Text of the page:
So it’s Spring, which is a beautiful thing.
Except that my children have been rising with the sun. The very early sun.
Before we go any further, I must come out as strongly against The Morning. Specifically, all of the hours before 8:00 am. I cannot get behind anything that causes me to get up during the 6:00 hour. Especially when that thing is hollering my name repeatedly.
I know all you more seasoned mothers are laughing at me. And the rest of you non-morning people might be sympathetic, or you might be laughing also, maybe a little maliciously, because I was lucky enough to be sleeping in until Spring struck this year, and now you want to welcome me greedily into this evil morning club and say it serves me right and this is only fair.
But whatever. We need a morning solution. We need something (besides children) to wake up for. And that thing is yeasted waffles.
We need these beautiful waffles because they are just waiting to be cooked when we stumble into the kitchen and blearily splash coffee into the enormous waiting mug. We need things that cook themselves with little oversight while we adjust to the daylight.
These waffles are essentially fermented. Don’t freak out. It’s going to work out so well for you. Just mix and leave out on the counter over night! The next morning, they will be perfect.
They are also a great sweet, bready selection for hosting a brunch (you know, if it’s not o’dark thirty and you’ve had more time to wash your face and put on your cute jeans: if you are making these waffles at a more civilized, less child-and-sun-driven hour of the day….)! We all know make-ahead is the key for a stress-free brunch, amiright?
I will say that this batter is quite thin, and it won’t work as well in a Belgian-style waffle maker because it won’t fill all of the crevices. I happen to have a very old-school, thin, square waffle iron, and that ancient machine is perfect for this recipe.
When the yeast mixture is nice and foamy, stir in the warm milk, melted butter, flour, salt, and sugar. Whisk until everything is even.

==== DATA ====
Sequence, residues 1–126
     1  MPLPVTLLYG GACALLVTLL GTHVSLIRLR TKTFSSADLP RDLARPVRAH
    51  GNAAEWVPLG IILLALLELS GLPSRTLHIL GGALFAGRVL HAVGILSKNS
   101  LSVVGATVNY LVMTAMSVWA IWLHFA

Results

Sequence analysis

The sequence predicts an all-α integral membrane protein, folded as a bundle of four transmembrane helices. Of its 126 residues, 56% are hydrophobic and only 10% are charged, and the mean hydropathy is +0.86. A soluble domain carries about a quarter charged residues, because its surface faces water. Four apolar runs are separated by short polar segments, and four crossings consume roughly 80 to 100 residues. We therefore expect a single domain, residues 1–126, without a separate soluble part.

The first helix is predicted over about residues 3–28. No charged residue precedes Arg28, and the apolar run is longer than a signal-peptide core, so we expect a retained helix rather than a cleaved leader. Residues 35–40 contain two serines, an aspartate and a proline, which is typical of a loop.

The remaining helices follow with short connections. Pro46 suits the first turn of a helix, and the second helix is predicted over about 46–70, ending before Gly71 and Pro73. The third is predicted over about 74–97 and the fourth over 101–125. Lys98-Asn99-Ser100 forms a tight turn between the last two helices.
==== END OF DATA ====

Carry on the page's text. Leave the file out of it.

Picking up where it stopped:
Now cover up the bowl tightly with plastic wrap. And walk away. And go about your business. Get a good night’s sleep, because morning comes early. That bowl can just relax on the counter.
Before you get all nervous about the milk and the counter, let me remind you: I did tell you that the waffles are fermented. Just let it happen. Let the milk ferment on the counter. This is just like making your own buttermilk the very slow way, by allowing the milk to curdle naturally at room temperature. And we all know that buttermilk makes some delicious, tender baked goods and morning breads.
I do recommend keeping the cooked waffles warm in the oven while you wait, if you are the kind of person who doesn’t serve breakfast in stages while you continue cooking. In my opinion, a waffle should always be warm enough to melt butter into little pockets and puddles. Yum.
Serve with syrup. Because sugar will also wake you up this morning.
½ cup warm (110°) water
2¼ tsp. active dry yeast
2 cups warm (110°) milk
½ cup unsalted butter, melted and cooled to lukewarm
2 cups flour
1 tsp. salt
1 tsp. sugar
¼ tsp. baking soda
Stir together the warm water and yeast. Let it sit on the counter about 10 minutes to activate: the mixture should become thick and foamy.
Transfer the yeast mixture to a very large (at least 2 qt.) bowl. Whisk in the warm milk, melted butter, flour, salt, and sugar until a thin batter forms.
Cover the bowl tightly with plastic wrap and let it sit on the counter overnight, up to 12 hours.
In the morning, whisk in the eggs and baking soda.
Heat a (square) waffle iron to very hot. Coat lightly with cooking spray.
Pour ¾ cup batter into the waffle iron. Cook 6–8 minutes, or until browned and crisp. Remove from the waffle iron and keep warm in the oven while cooking the remaining waffles.
Serve warm with butter and syrup.